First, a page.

Thursday, February 11, 2010

Blaming Frank McKenna

I found myself enrapt reading this review of Harvey Sawler's biography of Frank McKenna posted on the G&M's website earlier today. Brian Lee Crowley, (that ultra-rightwing pro-business think-tanker of AIMS fame, whom I remember from my days writing about the Altantic Canadian business community a decade or more ago), does a compelling job distilling the McKenna story and the former NB premier's various temptations to lead the federal Liberal party.

I think Crowley (and by extension Sawler) are bang on in describing McKenna as what the Libs need but will never have. Unlike Ignatieff, (and Dion before him) McKenna is the one Liberal fully equipped to challenge and stop Stephen Harper and the changes he's bringing to our country. McKenna could not only defeat Harper; he could probably crush him, reunify the Liberals and restore them to their (some would say rightful) place as Canada's governing party - and with a majority government. Only, McKenna doesn't want to run. He has never really wanted to run; he probably will never want to run. He is not prepared make the personal and reputational sacrifices that come with angling for the PMO.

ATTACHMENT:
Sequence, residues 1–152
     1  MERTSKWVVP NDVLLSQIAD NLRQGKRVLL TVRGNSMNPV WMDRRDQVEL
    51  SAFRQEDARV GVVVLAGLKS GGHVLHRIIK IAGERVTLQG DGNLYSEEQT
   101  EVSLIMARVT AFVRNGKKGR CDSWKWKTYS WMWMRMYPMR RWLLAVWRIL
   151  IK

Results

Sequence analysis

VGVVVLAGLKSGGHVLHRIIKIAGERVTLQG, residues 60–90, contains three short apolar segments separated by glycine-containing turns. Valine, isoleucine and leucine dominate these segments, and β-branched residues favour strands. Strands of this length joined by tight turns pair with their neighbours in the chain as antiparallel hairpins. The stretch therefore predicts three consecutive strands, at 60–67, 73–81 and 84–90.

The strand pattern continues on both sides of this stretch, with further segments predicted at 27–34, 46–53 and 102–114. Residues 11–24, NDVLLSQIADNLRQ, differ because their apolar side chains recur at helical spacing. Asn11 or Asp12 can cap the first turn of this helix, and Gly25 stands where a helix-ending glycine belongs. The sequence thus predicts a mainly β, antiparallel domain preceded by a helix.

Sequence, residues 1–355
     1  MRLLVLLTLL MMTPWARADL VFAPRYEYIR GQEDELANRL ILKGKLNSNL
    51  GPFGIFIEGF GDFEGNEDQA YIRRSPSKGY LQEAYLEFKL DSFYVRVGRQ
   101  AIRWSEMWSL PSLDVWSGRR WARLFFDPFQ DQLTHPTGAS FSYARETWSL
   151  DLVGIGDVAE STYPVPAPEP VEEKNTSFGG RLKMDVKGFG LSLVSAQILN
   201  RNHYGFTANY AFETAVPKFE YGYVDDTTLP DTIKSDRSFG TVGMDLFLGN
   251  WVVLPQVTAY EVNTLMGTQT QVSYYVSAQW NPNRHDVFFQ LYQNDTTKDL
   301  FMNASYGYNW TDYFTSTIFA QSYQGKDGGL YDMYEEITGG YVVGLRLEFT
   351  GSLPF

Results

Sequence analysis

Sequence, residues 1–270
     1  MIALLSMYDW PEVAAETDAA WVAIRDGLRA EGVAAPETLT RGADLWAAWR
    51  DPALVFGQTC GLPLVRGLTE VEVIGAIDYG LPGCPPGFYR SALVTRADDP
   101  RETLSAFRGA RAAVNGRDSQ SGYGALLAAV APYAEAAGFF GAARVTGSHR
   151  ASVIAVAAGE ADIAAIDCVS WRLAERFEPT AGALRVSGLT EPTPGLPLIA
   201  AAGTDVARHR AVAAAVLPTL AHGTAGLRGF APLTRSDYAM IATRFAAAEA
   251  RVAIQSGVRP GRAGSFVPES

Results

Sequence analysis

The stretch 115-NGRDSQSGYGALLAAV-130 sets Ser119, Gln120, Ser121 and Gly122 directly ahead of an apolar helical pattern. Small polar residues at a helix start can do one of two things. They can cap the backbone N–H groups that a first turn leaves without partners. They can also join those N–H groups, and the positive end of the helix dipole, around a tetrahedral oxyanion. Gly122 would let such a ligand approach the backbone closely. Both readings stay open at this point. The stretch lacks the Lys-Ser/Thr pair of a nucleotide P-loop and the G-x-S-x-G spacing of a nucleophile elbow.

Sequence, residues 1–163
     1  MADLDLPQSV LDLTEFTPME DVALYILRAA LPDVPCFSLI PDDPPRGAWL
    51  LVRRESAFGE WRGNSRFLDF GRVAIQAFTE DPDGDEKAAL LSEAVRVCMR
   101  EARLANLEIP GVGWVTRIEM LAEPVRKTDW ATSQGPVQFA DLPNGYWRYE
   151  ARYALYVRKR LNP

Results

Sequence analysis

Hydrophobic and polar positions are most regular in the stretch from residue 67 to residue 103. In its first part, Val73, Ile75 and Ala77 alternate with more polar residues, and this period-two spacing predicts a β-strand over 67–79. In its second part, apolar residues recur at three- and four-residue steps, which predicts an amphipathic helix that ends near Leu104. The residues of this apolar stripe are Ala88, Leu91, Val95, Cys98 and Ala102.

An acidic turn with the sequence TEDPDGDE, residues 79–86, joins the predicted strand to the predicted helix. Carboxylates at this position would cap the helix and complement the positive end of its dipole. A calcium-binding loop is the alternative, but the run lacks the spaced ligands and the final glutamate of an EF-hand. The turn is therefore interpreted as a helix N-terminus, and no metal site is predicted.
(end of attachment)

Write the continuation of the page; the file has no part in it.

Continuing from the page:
Crowley casts McKenna's story as something almost out of Shakespeare (or at least a season of The West Wing): a man so fully suited, so perfectly qualified to be a nation's leader, and yet with so many obstacles standing in the way. Chief among them, of course, are McKenna's own convictions not to drag himself and his family into the tactless, no-holds-barred arena of federal politics, to sacrifice himself for the betterment (some would say salvation) of our nation at large. It makes for some pretty compelling stuff.

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